There are more too. But this is enough for today. Can we perhaps focus more on intelligent policy development instead of emotion-based policy development so we can actually create useful and effective policies? Anyone? Anyone?

Friday, November 13, 2009

Viva La Difference Part Deux

Ok, here is the second part I promised. Should we take these differences into account in our public policy? It's one thing for free citizens to make free decisions about how to design a product or what products to sell or buy. But should people be forced to do so? The libertarian in me says no. But of course we should think about it before jumping to conclusions.

Let's take public school policy. The government has a stake in this because a stronger educational system would lead to stronger economic growth and a higher standard of living for us all. So lets say that boys learn better with blue textbooks and girls learn better with green textbooks. Do we mandate to textbook companies that they need to spend the extra money to create two colors of textbooks, and then mandate that school systems spend more to buy them (as the increased costs would invariably be passed on)?

One example of gender-based policy is the famous Title IX which mandates that schools need to have equal numbers of male and female athletes, regardless of the interest of students, fans, or revenue. This means if a school has 100 male football players, they need to support 3 or 4 female sports to make up the difference - since most sports have 25-30 players.

If men respond better to a blood pressure drug than women do, should we mandate the the drug company spends extra money finding a similarly effective drug for women?

If you are answering yes to some of these and no to others, I will repeat a comment from a previous post. Do you have some logical basis for the difference?

Thursday, November 12, 2009

Viva La Difference!

I have been seeing a lot of research on gender differences recently. Not just in human factors, but in areas as diverse as education, economics, design, finance, nutrition, psychology, happiness, etc etc etc. There are two important overarching issues that this entire line of research brings up. Do we design differently for males and for females? And should government create regulations that compel systems to be designed differently for males and females when there is a public interest at stake. I will cover the first in this post and the second in another post.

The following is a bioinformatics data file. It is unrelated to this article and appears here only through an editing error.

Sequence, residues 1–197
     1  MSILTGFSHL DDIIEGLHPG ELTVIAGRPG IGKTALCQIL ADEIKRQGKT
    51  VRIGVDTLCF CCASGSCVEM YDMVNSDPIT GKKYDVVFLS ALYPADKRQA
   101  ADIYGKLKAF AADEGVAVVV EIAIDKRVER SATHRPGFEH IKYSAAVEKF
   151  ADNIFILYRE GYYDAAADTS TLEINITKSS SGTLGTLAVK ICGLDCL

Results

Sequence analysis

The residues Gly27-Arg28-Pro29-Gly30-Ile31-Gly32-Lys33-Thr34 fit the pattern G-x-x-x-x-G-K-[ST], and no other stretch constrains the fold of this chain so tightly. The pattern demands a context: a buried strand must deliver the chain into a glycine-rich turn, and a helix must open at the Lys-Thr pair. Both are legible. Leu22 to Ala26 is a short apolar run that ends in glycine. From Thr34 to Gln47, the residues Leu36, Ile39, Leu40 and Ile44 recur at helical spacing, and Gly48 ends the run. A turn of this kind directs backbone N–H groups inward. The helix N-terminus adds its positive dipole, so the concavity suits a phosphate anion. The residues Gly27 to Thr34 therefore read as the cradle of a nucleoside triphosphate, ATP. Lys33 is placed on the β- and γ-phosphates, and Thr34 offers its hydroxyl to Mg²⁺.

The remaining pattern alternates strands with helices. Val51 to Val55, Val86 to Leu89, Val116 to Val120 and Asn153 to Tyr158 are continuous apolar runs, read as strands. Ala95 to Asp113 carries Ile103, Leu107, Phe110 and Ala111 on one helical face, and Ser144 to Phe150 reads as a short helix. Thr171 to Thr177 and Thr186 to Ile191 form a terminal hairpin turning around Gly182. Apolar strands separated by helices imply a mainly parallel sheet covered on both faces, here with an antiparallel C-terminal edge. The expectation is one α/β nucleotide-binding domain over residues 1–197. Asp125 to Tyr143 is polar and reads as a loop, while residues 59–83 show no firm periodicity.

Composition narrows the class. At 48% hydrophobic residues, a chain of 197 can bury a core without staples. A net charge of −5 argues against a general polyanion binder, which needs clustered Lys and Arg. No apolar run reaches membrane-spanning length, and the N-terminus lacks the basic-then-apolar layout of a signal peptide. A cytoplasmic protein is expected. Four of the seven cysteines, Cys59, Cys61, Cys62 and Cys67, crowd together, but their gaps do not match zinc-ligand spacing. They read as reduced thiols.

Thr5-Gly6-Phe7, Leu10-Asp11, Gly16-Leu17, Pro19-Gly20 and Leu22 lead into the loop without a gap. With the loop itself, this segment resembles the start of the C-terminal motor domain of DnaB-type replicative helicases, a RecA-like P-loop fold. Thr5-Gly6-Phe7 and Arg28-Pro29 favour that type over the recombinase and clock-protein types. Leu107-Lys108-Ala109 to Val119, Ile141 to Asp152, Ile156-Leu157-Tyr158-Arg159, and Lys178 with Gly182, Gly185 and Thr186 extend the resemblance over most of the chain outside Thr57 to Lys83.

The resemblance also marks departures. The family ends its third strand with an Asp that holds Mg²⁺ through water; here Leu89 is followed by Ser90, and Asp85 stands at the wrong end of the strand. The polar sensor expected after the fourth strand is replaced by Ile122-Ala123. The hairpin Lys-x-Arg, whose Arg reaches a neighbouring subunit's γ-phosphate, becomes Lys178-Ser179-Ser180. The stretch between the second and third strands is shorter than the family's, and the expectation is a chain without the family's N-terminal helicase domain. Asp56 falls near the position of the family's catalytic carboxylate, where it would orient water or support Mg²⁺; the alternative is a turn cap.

First, should system designers create different systems for each gender? When it comes to simple things like apparel, it’s pretty obvious. Men and women have different anthropometry and different style preferences and there is no conflict. We have always had different clothing choices for men and women. Good thing too. I just don’t look very good in a dress and I can’t imagine trying to walk in heels.

But let’s think more broadly about this issue. There are biological differences that lead to different nutritional needs. Should our breakfast cereals be fortified differently? Different meal choices? And with health care we need different drugs. How far do we go with this? We already have drugs specifically targeting male and female diseases (breast cancer v prostate cancer being an obvious one), but what about making different versions of blood pressure medicine? How about different versions of to match different web navigation styles or background color preferences? When you log in (or using cookies) you would be automatically directed to the right version.

It gets harder when we talk about education. Boys and girls seem to learn better in single gender classrooms, but then their socialization might lag. A hybrid school may be ideal. More research would be needed to find out the best combination. But is this a direction we should pursue? What if boys learn better in an all boy classroom but girls learn better when it's 50/50? What would we do then?

I’m not really sure where I am going with this train of thought. Since most design stems from business needs, I suppose the choice comes down to whether the differences create enough customer demand that people will pay more for gender-customized products in each market. They would have to be willing to pay more to cover the added R&D, design, and manufacturing costs required to make two (or more) different sets of products in each category. For apparel, obviously the decision was made generations ago. These questions are just now being asked in these other industries. I am curious how far it will go.